The following is a media release from Sen. Elizabeth Warren’s office. She was elected by voters in the Commonwealth of Massachusetts to serve the state in Washington DC in the US Senate. She is a Democrat.
WASHINGTON DC – United States Senator Elizabeth Warren (D-Mass.), a member of the U.S. Senate Health, Education, Labor, and Pensions Committee, and Senator Chris Van Hollen (D-Md.) sent a letter to the Surgeon General and the Assistant Secretary of the U.S. Department of Health and Human Services (HHS) regarding efforts to fully utilize the Public Health Service Commissioned Corps officers to combat the coronavirus disease 2019 (COVID-19) pandemic and urging the Department to expeditiously implement the Ready Reserve Corps program in order to increase the nation’s testing capacity.
The Commissioned Corps is made up of over 6,500 full-time officers who stand ready to respond to public health crises. Day to day, they advance public health and disease prevention programs in a variety of roles across the country as physicians, nurses, and engineers. They were deployed to combat the Ebola outbreak in 2014 and supported the nation’s response to Hurricanes Harvey and Maria in 2017.
Assistant Secretary for Health Dr. Brett Giroir has indicated that half of the Corps services Indian Health Service, tribal nations throughout the country, the Bureau of Prisons, and those in detention under Immigration Customs and Enforcement. Of the remaining half, a fraction have been deployed to support COVID-19 containment efforts both domestically and abroad.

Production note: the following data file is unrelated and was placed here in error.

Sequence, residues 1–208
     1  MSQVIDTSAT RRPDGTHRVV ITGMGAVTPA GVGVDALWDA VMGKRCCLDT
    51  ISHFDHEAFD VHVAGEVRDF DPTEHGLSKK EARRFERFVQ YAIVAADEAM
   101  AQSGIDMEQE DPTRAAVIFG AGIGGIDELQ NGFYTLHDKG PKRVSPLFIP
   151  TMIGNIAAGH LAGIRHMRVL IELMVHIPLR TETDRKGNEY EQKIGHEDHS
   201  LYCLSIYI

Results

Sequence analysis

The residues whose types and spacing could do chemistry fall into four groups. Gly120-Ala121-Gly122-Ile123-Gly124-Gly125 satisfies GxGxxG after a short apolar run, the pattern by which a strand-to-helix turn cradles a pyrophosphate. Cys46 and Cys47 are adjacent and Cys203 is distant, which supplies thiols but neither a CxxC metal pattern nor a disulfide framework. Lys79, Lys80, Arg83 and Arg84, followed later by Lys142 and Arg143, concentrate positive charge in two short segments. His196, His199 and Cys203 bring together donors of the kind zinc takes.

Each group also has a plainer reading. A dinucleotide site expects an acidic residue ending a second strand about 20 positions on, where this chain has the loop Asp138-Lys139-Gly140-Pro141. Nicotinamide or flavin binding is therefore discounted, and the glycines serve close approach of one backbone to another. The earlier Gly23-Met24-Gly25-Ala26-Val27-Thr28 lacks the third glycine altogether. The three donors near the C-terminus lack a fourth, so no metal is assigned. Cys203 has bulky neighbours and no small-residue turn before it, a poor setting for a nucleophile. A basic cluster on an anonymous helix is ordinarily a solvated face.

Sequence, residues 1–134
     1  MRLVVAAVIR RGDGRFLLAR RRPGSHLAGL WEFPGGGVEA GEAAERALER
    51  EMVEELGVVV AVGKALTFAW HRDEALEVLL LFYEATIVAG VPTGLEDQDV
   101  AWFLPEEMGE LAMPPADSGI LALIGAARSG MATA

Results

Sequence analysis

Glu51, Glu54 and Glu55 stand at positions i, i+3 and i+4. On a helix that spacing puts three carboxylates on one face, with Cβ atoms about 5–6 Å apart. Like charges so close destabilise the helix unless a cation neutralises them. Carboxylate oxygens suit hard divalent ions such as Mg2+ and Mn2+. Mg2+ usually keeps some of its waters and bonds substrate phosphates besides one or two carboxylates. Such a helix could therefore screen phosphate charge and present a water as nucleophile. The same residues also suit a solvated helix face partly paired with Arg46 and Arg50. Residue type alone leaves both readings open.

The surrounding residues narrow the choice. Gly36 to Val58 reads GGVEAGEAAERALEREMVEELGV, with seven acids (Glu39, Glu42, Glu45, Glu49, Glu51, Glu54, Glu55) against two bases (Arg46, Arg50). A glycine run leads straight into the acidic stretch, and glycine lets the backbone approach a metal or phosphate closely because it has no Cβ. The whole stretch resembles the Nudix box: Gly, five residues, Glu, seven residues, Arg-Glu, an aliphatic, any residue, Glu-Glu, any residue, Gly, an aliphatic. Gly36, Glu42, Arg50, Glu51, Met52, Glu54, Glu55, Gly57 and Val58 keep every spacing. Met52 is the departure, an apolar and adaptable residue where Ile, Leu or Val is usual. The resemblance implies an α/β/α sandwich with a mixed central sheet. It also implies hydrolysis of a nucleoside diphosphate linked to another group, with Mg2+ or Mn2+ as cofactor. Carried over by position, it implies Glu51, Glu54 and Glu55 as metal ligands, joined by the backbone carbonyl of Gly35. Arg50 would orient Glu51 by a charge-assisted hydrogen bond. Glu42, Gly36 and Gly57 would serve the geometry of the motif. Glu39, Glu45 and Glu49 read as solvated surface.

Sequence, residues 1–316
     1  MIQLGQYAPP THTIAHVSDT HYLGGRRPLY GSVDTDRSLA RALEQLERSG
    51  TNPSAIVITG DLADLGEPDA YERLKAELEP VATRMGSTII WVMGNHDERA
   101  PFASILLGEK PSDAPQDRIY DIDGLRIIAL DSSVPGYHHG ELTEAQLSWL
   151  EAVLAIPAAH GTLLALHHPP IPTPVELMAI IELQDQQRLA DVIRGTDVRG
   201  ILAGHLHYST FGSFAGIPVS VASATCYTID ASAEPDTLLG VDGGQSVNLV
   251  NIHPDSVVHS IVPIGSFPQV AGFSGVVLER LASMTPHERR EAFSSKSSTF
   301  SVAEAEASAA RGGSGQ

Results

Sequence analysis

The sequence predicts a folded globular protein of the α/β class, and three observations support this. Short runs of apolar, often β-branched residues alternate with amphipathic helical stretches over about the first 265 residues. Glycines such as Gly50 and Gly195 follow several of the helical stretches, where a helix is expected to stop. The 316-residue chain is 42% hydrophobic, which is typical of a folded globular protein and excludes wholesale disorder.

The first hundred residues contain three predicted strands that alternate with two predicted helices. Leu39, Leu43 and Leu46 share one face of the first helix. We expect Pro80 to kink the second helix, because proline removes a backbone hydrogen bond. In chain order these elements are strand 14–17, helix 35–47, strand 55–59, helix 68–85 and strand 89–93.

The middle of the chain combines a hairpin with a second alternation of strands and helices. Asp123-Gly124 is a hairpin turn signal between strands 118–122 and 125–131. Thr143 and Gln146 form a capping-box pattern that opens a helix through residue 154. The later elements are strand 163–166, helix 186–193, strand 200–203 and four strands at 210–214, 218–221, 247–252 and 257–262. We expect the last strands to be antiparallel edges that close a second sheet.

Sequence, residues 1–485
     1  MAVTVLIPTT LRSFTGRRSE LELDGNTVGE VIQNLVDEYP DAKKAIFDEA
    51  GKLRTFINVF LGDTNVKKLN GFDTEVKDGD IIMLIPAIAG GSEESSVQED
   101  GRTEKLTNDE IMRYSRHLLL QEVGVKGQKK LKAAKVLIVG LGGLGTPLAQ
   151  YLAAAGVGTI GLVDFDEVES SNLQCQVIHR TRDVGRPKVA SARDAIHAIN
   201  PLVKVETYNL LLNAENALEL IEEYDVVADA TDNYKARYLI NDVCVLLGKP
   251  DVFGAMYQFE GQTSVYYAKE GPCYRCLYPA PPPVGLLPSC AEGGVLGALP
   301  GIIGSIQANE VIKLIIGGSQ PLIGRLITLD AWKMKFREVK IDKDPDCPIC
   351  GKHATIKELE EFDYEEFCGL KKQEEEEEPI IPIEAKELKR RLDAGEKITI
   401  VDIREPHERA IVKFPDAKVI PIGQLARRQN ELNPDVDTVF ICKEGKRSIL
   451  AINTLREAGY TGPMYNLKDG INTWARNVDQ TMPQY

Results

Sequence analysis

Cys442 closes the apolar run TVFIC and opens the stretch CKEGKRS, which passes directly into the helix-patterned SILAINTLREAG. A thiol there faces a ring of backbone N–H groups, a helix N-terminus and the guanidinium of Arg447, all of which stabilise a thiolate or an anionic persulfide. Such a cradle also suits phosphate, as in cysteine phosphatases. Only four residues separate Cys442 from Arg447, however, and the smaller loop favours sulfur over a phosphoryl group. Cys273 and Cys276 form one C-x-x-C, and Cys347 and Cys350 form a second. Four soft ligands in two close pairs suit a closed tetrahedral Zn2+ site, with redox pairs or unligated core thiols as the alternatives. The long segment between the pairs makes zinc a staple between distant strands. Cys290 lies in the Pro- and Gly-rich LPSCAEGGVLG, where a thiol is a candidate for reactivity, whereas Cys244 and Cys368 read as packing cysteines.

“Commissioned Corps officers have been deployed in numerous recent public health emergencies, and there is no reason why they should not be deployed to the fullest extent possible now,” wrote the lawmakers. “Given that health care providers are currently pushed to their limits and that many more will likely find themselves in a similar situation in the coming days and weeks, it is imperative the Public Health Commissioned Corps be deployed to bolster our nation’s response to COVID-19.”
The recently passed Coronavirus Aid, Recovery, and Economic Security (CARES) Act made it easier to deploy more members of the Corps. The CARES Act authorizes and funds the creation of a Ready Reserve Corps, a backup pool of officers that themselves can deploy when needed or can backfill the posts of regular Commissioned Corps officers that have been deployed. Once implemented, these reserves would be able to expand the scope of the Commissioned Corps.
“As Surgeon General and Assistant Secretary of the Department of Health and Human Services (HHS), you are jointly responsible for the deployment of Commissioned Corps officers and for standing up the new Ready Reserve Corps,” the lawmakers wrote. “As such, we respectfully request an update on the Department’s efforts to do so as well as the Department’s efforts to create the Ready Reserve Corps.”
The lawmakers have requested responses to their questions no later than May 20, 2020.
Senator Warren called for boosting the number of medical workers able to perform diagnostic tests–including by tasking the Commissioned Corps with hiring and training temporary workers who can receive on-the-job training to complete tasks that don’t require medical degrees–in her plan for Rapidly Increasing Our Coronavirus Testing Capacity, released in March.